Finally, we will also assist you in ensuring that the marketing and selling of your fund is done in a fully compliant manner. For example, the federal Securities Exchange Act of 1934 generally requires that persons selling securities and receiving transaction-based compensation must first be registered as a broker-dealer. Fund managers, however, often seek to engage third-party marketers to assist with capital raising, paying such persons commissions for bringing on investors. This practice is fraught with danger though, as, with rare exceptions, all such “finders” or “solicitors” must be duly licensed broker-dealers. We will help you to assess the qualifications of any potential third-party marketers so that any such sales be done legally, and thus not set traps for you down the road.
Fund Set-up Services
Once the regulatory structuring of a private fund is complete, the drafting process is usually fairly straightforward, but it does require background work and time commitment by the client under our guidance. Parker MacIntyre attorneys will work closely with you to customize the various salient features of your fund. We generally do this by walking through a detailed survey or questionnaire with you, which elicits relevant data points from you as to how your fund will differ in the details. Here you will be able to express your desire for specific compensation structures, investor protection features (such as a “high-water mark” or preferred return), as well as articulate common features such as liquidity and periodic reporting to investors.
While the majority of entrepreneurial private investment funds are formed domestically as Delaware Limited Partnerships (whereby the fund manager acts as General Partner and the passive fund investors come in as Limited Partners), we will be happy to discuss with you other alternatives such as offshore fund formation in jurisdictions such as the British Virgin Islands and Cayman Islands for example. Generally speaking however, such offshore options are desirable in situations where the fund is designed to receive, or is expected to receive, significant investments from foreign investors or US tax-exempt entities.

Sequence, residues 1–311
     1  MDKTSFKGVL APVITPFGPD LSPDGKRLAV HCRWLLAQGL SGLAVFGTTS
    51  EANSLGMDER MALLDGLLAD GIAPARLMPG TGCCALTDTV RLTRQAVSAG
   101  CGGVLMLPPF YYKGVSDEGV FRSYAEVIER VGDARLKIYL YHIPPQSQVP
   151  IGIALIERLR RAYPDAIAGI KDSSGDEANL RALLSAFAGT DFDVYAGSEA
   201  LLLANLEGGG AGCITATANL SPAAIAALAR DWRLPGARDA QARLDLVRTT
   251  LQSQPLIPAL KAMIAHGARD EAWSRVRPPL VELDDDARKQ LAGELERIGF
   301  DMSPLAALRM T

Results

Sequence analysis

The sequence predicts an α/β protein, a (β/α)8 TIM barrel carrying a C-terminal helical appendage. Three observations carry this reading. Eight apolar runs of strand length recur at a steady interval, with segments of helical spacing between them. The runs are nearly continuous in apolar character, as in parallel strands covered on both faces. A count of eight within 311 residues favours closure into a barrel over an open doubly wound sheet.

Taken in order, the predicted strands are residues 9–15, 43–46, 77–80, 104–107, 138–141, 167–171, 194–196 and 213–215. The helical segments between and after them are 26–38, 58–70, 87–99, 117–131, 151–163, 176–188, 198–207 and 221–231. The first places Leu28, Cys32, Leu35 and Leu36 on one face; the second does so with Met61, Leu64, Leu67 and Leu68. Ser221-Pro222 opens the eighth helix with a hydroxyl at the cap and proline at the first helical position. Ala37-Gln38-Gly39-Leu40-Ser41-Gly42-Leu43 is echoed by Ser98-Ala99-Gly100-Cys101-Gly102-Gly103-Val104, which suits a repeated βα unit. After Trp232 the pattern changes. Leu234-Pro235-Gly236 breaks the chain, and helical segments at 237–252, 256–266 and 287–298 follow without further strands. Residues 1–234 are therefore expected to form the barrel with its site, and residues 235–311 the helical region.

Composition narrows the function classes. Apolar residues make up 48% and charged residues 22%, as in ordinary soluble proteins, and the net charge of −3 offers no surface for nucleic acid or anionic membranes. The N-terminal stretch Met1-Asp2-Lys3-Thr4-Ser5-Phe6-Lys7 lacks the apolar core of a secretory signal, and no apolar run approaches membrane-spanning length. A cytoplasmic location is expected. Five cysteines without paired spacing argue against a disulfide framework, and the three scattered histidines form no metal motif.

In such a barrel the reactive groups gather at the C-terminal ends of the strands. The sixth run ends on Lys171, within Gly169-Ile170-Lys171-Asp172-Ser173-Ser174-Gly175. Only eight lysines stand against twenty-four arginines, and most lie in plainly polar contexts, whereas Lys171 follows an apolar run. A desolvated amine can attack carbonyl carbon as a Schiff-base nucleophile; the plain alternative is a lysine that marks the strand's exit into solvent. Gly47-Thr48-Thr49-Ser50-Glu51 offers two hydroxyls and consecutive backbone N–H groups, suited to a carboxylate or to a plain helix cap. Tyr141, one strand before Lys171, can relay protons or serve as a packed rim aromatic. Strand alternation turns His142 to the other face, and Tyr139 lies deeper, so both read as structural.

Our deliverable to you will typically consist of a number of important legal documents (called “offering documents”), which you will, in turn, provide to the fund investors. This suite of documents comprises: (i) a Private Placement Memorandum (“PPM”) that is the master disclosure document for prospective investors in the fund, describing all the material risk factors and terms of the offering; (ii) an agreement such as a Limited Partnership Agreement which is a contract between the General Partner or fund manager on the one hand and the investor/limited partners on the other, and which governs their relationship; and (iii) a Subscription Agreement, which governs the actual sale or subscription by the limited partner to the partnership interests. This Subscription Agreement is usually accompanied by an Investor Questionnaire that helps the general partner assesses the qualifications of the prospective investor to invest in the fund.
Parker MacIntyre attorney Tom Zagorsky has created a helpful whitepaper entitled Forming a Hedge Fund or other Private Investment Fund: A Top 10 List for the Entrepreneurial Fund Manager. We intended this whitepaper to be a road map for prospective fund managers to use to anticipate and address the top 10 areas of concern in connection with a fund launch.